Originally we had planned to return home straight from London however we were enjoying ourselves so much that we decided to extend the holiday and drive a few miles further into the garden of England Kent. A county full of architecturally interesting oast houses, hop farms and blossom in the spring. The weather today though was somewhat colder and there were no flowers out anywhere. Just bronze leaves falling into piles on the ground.
We drove Suzy down narrow lanes until we found ourselves at the picturesque village of Ightham. Our route was going to take us to the National Trust property of Ightham Mote. We had checked opening times and it seemed the Mote had closed for a few days after summer opening but had now re-opened for the winter season. What we hadnt realised was that only two rooms were open and we would not be able to view the other rooms. What a pity. We were a touch disappointed but then there is nothing you can do about it and just have to make the best of a bad job.
The entrance to the Mote was via a long narrow lane bounded by mature trees. A
typical National Trust entrance. We had no idea if the car parking would be motorhome friendly and hoped for the best . As it was there was plenty of room and we could take our pick of where to park. It was though surprising just how many visitors there were on a Friday in the middle of Autumn.
The cash desk opened at 11 and by the time it opened there were a lot of visitors sitting around. We got in free as we are members of the National Trust. The cashiers apologised to all of us that there were only two rooms opened but told us that the house had been dressed for Christmas so there was something to look forward to.
The Mote isa medieval manor house and the name Mote does not mean that it is set around a moat but rather that it is a meeting place. The house was built around 1320 and there have been relatively few changes to it over the years. It remains still a medieval building around a courtyard. The house was bequeathed to the National Trust as late as 1985 but the American businessman Charles Henry Robinson who
bought the house in 1953. It was sad to realise that there are over seventy rooms in the house which are arranged around the central courtyard and we would not be able to see the Chapel, the Crypt and two Solars. There is also a Grade I listed dog kennel in the courtyard. We were greeted by a volunteer who welcomed us to the house and told us a little of the history and again apologised for the closure of the rooms. He pointed us in the direction of the Conservatory where we would be told more about Affter the conservatory we were shown into the house and the Great Hall. It was an intimate room and probably should be called a Little Hall rather than a Great Hall. There was a blazing fire in the hearth and a dressed Christmas tree in the Victorian style in the corner. The room volunteer explained the use of the room and gave us information on the fittings and furniture. The second room the Library was painted eggshell blue and was decorated in a New England style. To complete the decoration a fire burned and a Christmas tree was decorated in the style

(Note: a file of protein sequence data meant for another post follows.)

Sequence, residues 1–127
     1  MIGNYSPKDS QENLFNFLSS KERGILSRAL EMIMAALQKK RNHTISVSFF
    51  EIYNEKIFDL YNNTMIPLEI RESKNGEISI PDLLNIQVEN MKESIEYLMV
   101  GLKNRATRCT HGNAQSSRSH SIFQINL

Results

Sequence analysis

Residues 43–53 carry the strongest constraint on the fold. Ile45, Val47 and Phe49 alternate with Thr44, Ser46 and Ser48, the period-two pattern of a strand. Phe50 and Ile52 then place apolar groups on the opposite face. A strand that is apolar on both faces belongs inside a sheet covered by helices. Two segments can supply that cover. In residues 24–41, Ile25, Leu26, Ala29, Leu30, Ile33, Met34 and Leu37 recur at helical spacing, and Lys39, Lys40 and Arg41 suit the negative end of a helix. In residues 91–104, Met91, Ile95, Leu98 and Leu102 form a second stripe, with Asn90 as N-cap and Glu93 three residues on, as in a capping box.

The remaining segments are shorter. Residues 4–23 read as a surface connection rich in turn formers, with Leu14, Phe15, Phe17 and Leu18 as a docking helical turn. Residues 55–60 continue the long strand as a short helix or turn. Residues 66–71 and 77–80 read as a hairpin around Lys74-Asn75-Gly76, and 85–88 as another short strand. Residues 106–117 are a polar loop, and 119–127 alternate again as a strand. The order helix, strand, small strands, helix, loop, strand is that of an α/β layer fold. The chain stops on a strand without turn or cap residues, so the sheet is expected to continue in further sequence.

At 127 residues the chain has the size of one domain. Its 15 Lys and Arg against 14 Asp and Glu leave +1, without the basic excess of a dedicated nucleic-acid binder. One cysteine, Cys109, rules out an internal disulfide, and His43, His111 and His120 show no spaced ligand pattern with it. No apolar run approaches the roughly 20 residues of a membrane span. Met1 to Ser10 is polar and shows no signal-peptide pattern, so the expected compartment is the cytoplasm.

of the 1950's. A lovely experience and we loved every minute of the house.
After looking round we had a quick look at the gardens and then went into the cafe where we ate oat and pear cakes. The cooks at the National Trust always bake a good cake.
After we drove the short distance to Leeds Castle. This was a bit of a disappointment after Ightham Mote. Parking was difficult . There was a large car park but buses prevented us parking where we wanted to and we needed to move to another spot further out and walk back. The entry charges were £17.50 each which was a bit expensive for seniors. You can though use the ticket and go back over a year but this would be no use to us. In the event when I got home I found a free ticket which would have given us 2 for 1 tickets. Lesson learnt - check what tickets you have at home first.
The walk to the castle was long and meandering. It took us a while as we wandered down paths which led over water features and rivers. There is a small train which
takes you to the castle but we did not use it. The castle was a disappointment. It was large and set prettily on a moat but did not have the charm of Ightham. it felt rather impersonal. The castle dates back to 1119 but has been extensively rebuilt and modernised in the 19th century. The last private owner of the castle was the Hon. Olive , Lady Baillie an American heiress. She redecorated the castle in a typically french style. We were slightly disappointed to be ushered unceremoniously out of the house. The volunteers seemed hell bent to show us the doors and get us out quick style. The castle is said to be the loveliest in England and have to say we do not entirely agree. It is pretty on its moat but nothing special.
Afterwards we headed for Canterbury for our CAravan and Camping Club site. Not as good as Abbey Wood but quiet and clean. The wardens friendly and the toilet/shower block clean. However we were overcharged and didnt realise. It rained all morning and in the end we decided to cut our losses and came home. Not a nice journey.
When we got home
we cleaned out Suzy, hoovered her carpets, emptied her fridge and got her ready for winter. As sad day as this could be our last trip of the year.
Roll on Spring.
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